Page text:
It boosts the power output of photovoltaic panels. It heats water. And SunDrum's solar collector is similar to one of the parts in a high-end PC or server.
Hudson, Mass-based SunDrum is raising funds now to go into further prototyping and manufacturing. The firm has devised a liquid-filled heat sink that effectively absorbs the heat that builds up on photovoltaic panels and shuttles it to a water heater in a basement or utility room. The heat sink sits on the underside of a solar panel and is roughly the same size.
Heat sinks – effectively hunks of metal shaped to carry heat from one place to another – are standard equipment in PCs and LED lights. To cool extremely powerful processors, some manufacturers have created fluid-filled sinks that can remove even more heat than standard parts. Last year, IBM came up with a heat sink for a high-end server that passed chilled water (in copper tubes) over chips. Hobbyists meanwhile, sometimes surround components with water or mineral oil to keep components cool.
In solar, a heat sink becomes a two-fer, explains CEO Ron Smith, who ran various divisions at Intel before SunDrum. (The chipmaker has in recent years become a finishing school for several greentech execs). Excess heat hurts the efficiency of solar panels and the heat builds as the day goes on. The surface of a standard solar panel in the midday Arizona sun can reach 130 degrees Fahrenheit or more. By cooling them by 20 degrees to 30 degrees Fahrenheit, the panels can perform closer to their rated power. The photo reflects a test conducted by the company.
"We can increase the power output by 6 to 7 percent consistently," he said.
At the same time, the panels generate enough heat to provide a substantial amount of hot water to a building. The additional cost runs about $2.50 per watt for a home installation or $1.50 for a commercial installation.
A host of startups have sprung up recently with the goal of harnessing more of the power of the sun than standard PV panels can. The best solar panels only harvest 23 percent of the sun's energy. By harnessing heat as well, these devices can capture 75 percent of the energy or more beaming toward earth.
Chromasun, founded by former Ausra CEO Peter Le Lievre, makes a device that combines solar cells (for electricity) along with a solar thermal collector that is used to power a chiller-style air conditioner. BrightPhase Energy, meanwhile, has a solar PV/thermal device that also lets in light through a skylight (see Can You Go Cheaper Than First Solar?). Other companies in the combo market include Entech Solar and Cool Energy.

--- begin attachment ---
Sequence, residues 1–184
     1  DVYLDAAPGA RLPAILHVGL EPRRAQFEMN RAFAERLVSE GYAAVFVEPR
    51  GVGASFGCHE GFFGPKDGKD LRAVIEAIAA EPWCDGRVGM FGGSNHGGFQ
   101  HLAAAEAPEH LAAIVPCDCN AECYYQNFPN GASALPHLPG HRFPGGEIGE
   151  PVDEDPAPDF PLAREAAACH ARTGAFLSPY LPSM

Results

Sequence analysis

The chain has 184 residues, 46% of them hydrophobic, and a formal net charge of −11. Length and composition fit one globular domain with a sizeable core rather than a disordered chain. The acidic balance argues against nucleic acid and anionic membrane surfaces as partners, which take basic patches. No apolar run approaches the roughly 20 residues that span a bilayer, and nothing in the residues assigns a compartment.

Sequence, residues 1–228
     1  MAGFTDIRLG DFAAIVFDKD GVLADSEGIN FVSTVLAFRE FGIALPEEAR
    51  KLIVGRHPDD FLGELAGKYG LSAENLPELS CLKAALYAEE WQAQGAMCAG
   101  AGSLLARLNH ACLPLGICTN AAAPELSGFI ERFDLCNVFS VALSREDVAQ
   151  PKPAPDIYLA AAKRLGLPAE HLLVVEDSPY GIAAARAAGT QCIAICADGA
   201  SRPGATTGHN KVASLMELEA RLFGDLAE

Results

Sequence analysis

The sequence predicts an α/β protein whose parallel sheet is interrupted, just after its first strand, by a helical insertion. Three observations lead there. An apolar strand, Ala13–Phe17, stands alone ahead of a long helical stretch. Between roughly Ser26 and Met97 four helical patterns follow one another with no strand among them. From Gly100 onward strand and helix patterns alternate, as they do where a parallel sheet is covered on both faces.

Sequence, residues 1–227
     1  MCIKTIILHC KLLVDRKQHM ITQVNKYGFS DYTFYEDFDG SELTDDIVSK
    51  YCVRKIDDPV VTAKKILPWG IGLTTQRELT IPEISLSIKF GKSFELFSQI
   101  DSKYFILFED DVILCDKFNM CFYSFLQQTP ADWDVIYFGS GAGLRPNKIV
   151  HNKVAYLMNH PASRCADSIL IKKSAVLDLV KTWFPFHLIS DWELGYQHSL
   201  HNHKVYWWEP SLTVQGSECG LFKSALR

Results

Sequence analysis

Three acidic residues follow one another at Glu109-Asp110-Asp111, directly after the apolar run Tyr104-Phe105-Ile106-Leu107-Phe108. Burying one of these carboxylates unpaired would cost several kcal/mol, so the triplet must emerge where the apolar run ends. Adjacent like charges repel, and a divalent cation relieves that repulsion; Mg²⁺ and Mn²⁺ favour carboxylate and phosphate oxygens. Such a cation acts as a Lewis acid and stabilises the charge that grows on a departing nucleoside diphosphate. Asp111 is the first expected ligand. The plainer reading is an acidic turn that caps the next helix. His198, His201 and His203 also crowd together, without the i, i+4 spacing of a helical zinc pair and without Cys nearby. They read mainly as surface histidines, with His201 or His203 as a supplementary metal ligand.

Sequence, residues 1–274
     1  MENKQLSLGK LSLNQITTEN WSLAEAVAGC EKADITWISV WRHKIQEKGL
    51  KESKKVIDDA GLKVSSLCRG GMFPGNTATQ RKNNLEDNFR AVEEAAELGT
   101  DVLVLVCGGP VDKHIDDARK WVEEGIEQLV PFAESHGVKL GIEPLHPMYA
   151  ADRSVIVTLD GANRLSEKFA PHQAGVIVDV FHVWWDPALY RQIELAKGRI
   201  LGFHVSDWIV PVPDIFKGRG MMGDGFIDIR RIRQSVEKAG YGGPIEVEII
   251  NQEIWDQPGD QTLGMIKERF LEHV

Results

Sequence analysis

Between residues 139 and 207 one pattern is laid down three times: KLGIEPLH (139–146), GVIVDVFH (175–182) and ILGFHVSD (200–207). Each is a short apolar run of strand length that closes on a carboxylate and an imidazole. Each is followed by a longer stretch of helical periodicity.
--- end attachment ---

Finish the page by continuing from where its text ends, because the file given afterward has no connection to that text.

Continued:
These devices, however, are complete solar systems in their own right. By contrast, SunDrum just makes the device that conducts heat (along with the plastic tubes and services to connect the rooftop system to water tanks in the basement.). The one-fourth-inch thick collector attaches to the back of a conventional PV panel. The plan is to get solar manufacturers and/or their dealer networks to carry it as a complimentary option. SunDrum, thus, won't ideally have to compete against Suntech or other established PV makers to get into the market.
Smith also argues that the way it attaches to the back of the panel also makes it easier in many instances for commercial buildings or apartment complexes to adopt both PV and solar thermal. Rooftops only have so much spare room for solar devices. If there are three or four stories in an apartment building, that may force a choice between putting up a solar thermal absorber or a PV system. Because SunDrum's absorber sits beneath PV panels, it doesn't add to the amount of real estate used.
The collector consists of two sheets of aluminum with input/output ports for the fluid, which is a mixture of distilled water and propylene glycol. The secret sauce lay in the design of the channels inside the heat sink. The fluid does not travel in tubes -- that would reduce the area of contact between the fluid and the aluminum. Instead, it flows through a maze of canals and the fluid touches the aluminum directly. The fluid additionally moves relatively slowly. As it oozes under two or more PV panels, the fluid gathers heat.
The heated fluid then goes to a tank in basement where the heat can be transferred to the water tank. Compared to some combination solar devices, SunDrum's collector can only tolerate low temperature. The fluid can't go past 180 degrees Fahrenheit because the fluid travels from the panel to the basement tanks in plastic tube rather than copper to economize on equipment. But that's warm enough to provide hot water for a home or an apartment building, depending on the number of collectors.
So far, the company has certified compatibility with a variety of solar panels from Evergreen Solar, Sanyo, Sharp, and SunPower, but it will probably work with more. Solar panel frames aren't standard across the industry, but they are somewhat close.
While it seems most appropriate for warm regions, it works in a variety of geographies. SunDrum rigged up a house in Massachusetts with it.